(Reuters) - St. Louis second baseman Kolten Wong slugged a walk-off home run to give the Cardinals a 5-4 victory over the San Francisco Giants on Sunday and even their National League Championship Series at one game each.
The Giants had tied the score at 4-4 in the top of the ninth on a wild pitch by St. Louis reliever Trevor Rosenthal but Wong’s lead-off blast to right field off Sergio Romo in the bottom of the inning won the game and sends the series to California for Game Three on Tuesday all square.
“I knew I hit the ball hard, but I also hit it low and I didn’t know if it was going out or not,” Wong told reporters.
St. Louis struggled for home runs in the regular season -- only twice in 162 games scoring three or more homers -- but got four of their five runs from homers on Sunday thanks to solo shots from Matt Carpenter, Oscar Taveras, Matt Adams and Wong.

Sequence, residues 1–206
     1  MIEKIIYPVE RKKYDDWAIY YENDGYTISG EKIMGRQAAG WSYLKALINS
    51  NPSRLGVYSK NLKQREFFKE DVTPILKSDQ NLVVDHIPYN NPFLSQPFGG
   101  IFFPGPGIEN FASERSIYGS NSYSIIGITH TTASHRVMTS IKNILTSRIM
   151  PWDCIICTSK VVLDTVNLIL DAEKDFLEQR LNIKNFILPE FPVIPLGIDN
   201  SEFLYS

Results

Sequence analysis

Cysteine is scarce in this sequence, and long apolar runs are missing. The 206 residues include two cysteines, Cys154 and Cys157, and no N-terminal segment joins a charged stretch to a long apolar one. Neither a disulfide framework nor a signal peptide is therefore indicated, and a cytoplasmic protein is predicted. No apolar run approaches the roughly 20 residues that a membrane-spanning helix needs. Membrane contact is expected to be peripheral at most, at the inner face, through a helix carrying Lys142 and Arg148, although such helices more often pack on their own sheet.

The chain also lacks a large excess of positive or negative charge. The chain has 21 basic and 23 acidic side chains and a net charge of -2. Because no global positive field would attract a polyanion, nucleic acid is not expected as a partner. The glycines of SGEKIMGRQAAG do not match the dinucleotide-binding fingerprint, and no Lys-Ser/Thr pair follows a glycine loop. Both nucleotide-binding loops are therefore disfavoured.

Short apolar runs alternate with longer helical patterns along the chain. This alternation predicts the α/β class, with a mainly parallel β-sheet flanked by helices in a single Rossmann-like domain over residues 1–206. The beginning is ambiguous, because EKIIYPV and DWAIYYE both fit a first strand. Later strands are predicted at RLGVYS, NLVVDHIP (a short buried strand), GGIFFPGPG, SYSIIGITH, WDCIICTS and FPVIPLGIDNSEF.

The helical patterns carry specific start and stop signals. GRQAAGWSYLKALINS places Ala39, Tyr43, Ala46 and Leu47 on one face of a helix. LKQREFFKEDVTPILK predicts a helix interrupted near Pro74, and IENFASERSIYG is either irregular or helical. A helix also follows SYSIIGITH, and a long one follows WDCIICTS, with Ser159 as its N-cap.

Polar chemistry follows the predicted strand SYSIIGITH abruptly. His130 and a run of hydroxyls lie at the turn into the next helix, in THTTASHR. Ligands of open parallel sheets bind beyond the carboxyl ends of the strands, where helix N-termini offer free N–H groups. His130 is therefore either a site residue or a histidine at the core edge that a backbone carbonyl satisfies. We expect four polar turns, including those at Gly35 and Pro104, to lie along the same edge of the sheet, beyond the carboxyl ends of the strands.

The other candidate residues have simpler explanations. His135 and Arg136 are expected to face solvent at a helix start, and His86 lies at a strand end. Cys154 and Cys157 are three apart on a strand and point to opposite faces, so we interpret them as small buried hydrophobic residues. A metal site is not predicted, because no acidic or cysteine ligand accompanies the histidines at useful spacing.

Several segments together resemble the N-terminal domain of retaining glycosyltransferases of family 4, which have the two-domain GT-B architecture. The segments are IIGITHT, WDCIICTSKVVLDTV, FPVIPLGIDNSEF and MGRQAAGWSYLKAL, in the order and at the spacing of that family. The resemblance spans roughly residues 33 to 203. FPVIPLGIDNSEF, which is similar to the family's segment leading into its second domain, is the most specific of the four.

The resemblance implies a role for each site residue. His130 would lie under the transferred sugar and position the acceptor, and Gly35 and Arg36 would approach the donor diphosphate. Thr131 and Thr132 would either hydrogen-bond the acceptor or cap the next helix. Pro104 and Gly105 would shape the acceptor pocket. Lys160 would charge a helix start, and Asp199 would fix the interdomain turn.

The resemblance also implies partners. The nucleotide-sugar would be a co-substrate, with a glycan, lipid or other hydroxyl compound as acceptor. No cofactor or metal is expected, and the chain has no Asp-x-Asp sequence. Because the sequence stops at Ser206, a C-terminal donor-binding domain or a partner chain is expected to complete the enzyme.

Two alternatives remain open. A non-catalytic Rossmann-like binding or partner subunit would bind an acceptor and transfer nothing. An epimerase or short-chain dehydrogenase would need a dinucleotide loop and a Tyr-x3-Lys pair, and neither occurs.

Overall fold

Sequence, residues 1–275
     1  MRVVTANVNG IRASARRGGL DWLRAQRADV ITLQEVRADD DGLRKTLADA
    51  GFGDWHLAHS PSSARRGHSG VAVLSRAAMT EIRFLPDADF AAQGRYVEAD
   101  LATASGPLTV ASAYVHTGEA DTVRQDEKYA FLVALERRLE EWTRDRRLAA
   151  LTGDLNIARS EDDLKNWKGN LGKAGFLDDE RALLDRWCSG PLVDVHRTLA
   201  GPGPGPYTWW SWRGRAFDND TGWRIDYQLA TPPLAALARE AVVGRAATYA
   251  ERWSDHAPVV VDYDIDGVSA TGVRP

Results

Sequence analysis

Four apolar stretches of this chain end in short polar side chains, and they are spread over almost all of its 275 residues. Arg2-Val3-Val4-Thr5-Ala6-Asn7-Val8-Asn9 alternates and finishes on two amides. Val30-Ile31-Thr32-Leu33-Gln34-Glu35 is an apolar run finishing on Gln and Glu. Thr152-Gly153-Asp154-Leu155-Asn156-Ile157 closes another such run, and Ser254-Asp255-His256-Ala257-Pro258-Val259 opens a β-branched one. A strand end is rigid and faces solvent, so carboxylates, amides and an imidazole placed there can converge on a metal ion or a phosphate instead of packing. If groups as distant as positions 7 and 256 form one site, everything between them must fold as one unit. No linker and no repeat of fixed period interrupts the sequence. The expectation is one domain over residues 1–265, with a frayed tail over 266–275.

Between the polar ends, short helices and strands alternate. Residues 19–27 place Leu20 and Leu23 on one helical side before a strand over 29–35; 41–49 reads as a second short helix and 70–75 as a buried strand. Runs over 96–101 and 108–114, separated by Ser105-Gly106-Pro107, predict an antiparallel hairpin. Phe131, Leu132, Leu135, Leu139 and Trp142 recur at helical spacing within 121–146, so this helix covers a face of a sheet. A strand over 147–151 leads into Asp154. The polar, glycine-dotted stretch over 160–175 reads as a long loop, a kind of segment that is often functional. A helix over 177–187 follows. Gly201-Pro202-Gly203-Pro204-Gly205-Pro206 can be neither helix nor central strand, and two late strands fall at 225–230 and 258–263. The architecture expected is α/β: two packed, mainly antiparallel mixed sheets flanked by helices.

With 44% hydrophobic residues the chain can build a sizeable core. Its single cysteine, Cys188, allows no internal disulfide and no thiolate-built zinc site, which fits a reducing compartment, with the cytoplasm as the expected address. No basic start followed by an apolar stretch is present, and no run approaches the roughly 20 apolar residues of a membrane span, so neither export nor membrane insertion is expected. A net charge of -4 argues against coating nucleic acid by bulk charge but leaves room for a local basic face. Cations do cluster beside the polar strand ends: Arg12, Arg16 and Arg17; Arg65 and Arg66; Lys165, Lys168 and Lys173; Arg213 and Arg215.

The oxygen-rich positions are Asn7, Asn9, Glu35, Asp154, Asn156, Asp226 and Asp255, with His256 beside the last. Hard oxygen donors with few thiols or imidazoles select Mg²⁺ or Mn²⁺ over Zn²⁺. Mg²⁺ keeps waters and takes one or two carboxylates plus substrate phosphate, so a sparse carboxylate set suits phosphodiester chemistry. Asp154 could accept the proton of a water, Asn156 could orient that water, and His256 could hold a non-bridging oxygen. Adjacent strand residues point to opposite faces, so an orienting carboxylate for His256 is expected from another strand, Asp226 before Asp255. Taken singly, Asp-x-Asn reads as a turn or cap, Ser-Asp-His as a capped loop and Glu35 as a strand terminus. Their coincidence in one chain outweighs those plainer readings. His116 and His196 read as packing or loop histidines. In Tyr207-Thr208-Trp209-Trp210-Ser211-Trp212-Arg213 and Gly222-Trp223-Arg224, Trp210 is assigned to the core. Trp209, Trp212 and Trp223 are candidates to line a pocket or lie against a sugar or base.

The Giants did not have a home run on Sunday, though they out hit the Cardinals 10-8 overall.
The Cards’ victory was tempered by the loss of All Star catcher Yadier Molina, who left the game after injuring an oblique abdominal muscle batting in the seventh inning.
St. Louis manager Mike Matheny declined to speculate on the chances of Molina being available for the remainder of the series but if the player is replaced on the roster he cannot return for the World Series should the Cardinals get that far.
“It didn’t look real good,” Matheny said.
Matheny said it had only been a matter of time before his team turned their home run struggles around.
“We’ve just continued to preach to the guys to stay with the right approach and put a good swing on the pitch.
“Kolten has great bat speed and so does Matt Adams. It’s great timing for us to bust out with some power.”
San Francisco manager Bruce Bochy sounded reasonably satisfied to return home with the best-of-seven series tied.
“You come in here and get the first game, you want to get greedy and get the second one,” he said.
“We were close to doing it but this isn’t going to be easy. It’s going to be a hard-fought series.”
Both managers might have concerns over their bullpens, perhaps more so Bochy. San Francisco used five relievers after starter Jake Peavy lasted just four innings, giving up four hits and two runs.
(This story was refiled to fix day in fifth paragraph)
Reporting By Andrew Both in Cary, North Carolina; editing by Peter Rutherford